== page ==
joshua harris i kissed dating good bye - Best secret dating sites

A few years ago, image recognition on a large scale was restricted to law enforcement and corporate security. Free services like Tineye and Google Images will search billions of indexed images on the internet for identical or similar pictures.

This isn’t necessarily traditional hash or metadata specific – cropping or resizing an image is not a foolproof way to defeat this (as I show in the screenshot below, where Tineye and Google correctly identified my profile selfie which is substantially cropped on social media).

The photos are visually similar enough that the search engines’ algorithms can draw a connection.

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The second way your photos can betray your privacy is a bit more technical, but still terribly important to recognize.

It has to do with hidden information, or ‘metadata’, which is tacked onto most pictures by phones, photo editing software, and digital cameras.

(The use of photo editing tools also becomes blatantly obvious, which can be a cause for some embarrassment.) Ensure you remove identifying metadata from photos before posting them onto your dating profile.

If I were forced to pick only one error which causes dating site members the most personal embarrassment over the long term, it’s forgetting this.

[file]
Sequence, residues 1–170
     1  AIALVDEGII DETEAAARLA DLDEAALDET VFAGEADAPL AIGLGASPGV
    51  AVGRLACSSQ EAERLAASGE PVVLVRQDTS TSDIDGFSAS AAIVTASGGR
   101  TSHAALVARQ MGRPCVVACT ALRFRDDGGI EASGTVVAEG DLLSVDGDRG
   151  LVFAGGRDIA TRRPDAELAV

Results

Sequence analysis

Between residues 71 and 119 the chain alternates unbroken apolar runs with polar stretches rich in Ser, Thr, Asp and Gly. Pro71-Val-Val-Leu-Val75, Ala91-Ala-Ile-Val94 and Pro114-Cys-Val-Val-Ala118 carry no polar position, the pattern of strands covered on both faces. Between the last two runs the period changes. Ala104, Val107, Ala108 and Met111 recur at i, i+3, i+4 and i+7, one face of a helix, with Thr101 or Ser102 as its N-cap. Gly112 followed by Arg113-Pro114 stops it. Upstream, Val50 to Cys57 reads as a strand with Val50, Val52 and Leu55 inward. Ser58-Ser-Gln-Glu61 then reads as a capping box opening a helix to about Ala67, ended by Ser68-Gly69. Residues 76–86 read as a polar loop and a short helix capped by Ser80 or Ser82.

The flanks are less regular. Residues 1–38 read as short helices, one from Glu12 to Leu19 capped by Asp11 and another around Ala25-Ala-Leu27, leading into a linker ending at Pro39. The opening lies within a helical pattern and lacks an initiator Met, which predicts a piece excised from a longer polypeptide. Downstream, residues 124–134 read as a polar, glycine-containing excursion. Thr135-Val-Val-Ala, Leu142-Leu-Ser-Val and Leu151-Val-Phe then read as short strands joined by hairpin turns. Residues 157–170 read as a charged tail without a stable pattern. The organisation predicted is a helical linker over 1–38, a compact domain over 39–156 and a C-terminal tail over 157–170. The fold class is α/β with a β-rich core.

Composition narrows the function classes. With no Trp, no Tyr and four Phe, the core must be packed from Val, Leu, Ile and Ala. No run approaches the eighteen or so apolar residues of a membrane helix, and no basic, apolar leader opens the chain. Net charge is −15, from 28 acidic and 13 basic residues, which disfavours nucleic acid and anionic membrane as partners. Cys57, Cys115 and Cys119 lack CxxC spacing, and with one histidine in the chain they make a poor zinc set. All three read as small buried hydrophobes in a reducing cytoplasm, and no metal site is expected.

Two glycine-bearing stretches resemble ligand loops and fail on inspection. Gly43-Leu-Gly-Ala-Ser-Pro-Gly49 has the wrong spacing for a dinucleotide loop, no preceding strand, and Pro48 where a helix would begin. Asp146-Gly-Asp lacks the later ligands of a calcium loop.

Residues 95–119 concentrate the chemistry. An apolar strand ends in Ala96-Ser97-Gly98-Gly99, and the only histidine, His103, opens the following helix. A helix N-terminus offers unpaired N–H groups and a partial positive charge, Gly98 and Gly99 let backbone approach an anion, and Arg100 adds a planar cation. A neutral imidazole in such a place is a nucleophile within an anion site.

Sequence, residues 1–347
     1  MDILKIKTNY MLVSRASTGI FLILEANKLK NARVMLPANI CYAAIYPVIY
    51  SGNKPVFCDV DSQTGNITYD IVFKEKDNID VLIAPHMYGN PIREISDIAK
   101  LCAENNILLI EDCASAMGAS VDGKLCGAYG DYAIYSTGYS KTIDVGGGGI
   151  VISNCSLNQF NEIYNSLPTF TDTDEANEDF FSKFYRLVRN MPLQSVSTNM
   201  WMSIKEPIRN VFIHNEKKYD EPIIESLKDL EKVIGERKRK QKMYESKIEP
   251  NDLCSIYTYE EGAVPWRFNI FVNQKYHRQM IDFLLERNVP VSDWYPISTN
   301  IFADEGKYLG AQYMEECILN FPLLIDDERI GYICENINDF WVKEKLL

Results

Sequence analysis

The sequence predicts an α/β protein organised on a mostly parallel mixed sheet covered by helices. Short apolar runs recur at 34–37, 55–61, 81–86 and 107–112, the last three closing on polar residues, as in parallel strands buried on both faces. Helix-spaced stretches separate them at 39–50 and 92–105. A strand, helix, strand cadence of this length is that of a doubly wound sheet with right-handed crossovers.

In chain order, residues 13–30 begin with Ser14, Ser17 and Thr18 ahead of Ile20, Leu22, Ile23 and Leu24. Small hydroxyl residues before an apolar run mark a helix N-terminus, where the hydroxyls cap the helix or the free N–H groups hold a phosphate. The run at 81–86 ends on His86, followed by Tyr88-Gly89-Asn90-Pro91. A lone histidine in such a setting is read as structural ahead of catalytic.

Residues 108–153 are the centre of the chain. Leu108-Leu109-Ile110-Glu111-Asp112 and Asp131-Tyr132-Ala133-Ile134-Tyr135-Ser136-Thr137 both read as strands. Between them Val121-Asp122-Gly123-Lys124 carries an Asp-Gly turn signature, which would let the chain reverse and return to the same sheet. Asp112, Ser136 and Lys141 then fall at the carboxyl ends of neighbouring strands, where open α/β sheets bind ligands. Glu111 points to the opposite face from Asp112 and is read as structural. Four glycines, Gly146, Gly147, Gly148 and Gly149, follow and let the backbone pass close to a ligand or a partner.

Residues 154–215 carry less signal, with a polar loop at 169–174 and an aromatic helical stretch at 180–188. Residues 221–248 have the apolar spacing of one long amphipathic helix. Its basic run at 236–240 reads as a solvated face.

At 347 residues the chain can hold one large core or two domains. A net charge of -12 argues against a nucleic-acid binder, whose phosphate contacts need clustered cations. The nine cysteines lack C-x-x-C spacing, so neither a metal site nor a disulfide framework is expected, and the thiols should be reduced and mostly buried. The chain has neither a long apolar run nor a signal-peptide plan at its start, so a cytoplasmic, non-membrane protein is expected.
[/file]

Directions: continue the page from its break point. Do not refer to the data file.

If that professional headshot is still in a cache associated with your dating profile, he or she can use Tineye to match it to your corporate bio that shares the same photograph.

If you’ve changed your username, he or she may be able to find the previous version.

The number one open source intelligence source that people with evil intent will try to use against you, or to identify you, is your social media profiles.

You make a malicious person’s life significantly more difficult by simply locking down your social media profiles so that nobody except people you know personally can view them, or that the data that is publicly visible is not enough to provide the attacker an advantage.

There are two sets of clues that can give away important personal information in your photos. Consider: is there a window in your photos, and are there identifiable buildings or landmarks outside of it?

Were your photos taken in an apartment building or dorm that can be easily identified in other people’s photos?

You can’t see EXIF metadata without using special tools, but it may contain startling amounts of information about where the photo was taken, by whom, and when.

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